Spend some time exploring Liverpool’s iconic Albert Dock.
Albert Dock is one of Liverpool’s most important tourist attractions and a vital component of the city’s UNESCO World Heritage site, Maritime Mercantile City. This is a kingdom of concrete, bricks and metal. Today in Albert Dock you can find cafés, galleries and museums.
The Albert Dock was not always as we know and see it today: its history dates back over 170 years to 1839. Following a period of dereliction and a complete regeneration, the Dock was officially reopened in 1988. It was engineer and architect Jesse Hartley who submitted plans to the Liverpool Dock Office, to begin the build of the original Albert Dock.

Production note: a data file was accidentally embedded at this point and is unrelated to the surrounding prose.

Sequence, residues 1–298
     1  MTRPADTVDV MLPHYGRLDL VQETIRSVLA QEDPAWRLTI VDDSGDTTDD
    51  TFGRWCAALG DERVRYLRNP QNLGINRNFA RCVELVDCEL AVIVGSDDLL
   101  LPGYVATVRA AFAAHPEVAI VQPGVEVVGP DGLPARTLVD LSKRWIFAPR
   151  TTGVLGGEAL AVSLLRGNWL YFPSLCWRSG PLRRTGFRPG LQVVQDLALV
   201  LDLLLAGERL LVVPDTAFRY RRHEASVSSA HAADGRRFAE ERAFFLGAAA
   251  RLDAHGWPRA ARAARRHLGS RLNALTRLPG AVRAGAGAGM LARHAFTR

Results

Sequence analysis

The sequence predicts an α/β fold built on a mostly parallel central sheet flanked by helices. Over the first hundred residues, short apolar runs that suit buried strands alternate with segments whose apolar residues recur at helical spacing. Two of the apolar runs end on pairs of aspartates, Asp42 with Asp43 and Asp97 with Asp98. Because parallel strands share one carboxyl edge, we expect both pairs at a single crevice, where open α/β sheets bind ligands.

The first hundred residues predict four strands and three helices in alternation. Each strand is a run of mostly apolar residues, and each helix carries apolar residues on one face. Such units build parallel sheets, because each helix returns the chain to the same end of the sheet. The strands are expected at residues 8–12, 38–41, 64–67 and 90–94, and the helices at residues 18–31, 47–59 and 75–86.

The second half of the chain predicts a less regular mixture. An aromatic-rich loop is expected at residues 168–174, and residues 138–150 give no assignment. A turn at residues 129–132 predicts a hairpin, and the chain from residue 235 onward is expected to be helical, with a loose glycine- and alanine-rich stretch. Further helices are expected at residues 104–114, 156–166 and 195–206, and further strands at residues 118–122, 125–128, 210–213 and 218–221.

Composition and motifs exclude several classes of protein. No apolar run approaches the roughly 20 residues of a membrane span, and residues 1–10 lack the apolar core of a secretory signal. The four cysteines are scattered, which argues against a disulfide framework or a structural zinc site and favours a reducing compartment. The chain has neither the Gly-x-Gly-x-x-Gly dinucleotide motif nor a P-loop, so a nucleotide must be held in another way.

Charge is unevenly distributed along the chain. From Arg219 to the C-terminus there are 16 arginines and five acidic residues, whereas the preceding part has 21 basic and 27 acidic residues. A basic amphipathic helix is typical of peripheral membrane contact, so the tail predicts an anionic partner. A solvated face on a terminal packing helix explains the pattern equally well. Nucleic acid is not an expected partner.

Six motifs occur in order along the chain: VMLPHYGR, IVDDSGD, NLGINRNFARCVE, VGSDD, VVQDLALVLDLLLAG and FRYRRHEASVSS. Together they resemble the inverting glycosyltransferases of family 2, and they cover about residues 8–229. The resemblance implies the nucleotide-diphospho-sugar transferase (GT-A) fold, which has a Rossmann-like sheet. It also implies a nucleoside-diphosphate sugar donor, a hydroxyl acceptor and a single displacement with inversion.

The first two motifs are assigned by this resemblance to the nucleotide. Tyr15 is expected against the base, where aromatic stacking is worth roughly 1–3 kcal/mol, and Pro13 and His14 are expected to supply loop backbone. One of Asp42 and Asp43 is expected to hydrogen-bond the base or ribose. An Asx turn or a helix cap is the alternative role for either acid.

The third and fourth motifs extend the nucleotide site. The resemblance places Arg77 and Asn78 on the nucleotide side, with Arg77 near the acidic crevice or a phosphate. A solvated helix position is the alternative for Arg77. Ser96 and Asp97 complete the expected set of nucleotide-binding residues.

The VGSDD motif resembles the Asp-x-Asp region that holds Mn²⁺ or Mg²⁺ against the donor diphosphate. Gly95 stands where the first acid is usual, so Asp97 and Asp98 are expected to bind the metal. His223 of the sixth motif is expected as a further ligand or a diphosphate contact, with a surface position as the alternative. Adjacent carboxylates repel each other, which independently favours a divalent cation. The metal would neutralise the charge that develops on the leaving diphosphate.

Today we can proudly say that the Dock’s lofty colonnades and statuesque columns make up the largest group of Grade 1 listed buildings in the country.
The creation of Albert Dock is a testament to innovation and engineering feats: before it, the wooden warehouses of the time made fires a huge risk. As such, the Dock was the first enclosed, non-combustible dock warehouse system in the world.
It was also the first structure in Britain to be built entirely of cast iron, brick and stone. The Dock went on to gain another ‘first’ in 1848, when the world’s first hydraulic warehouse hoists were installed on its site.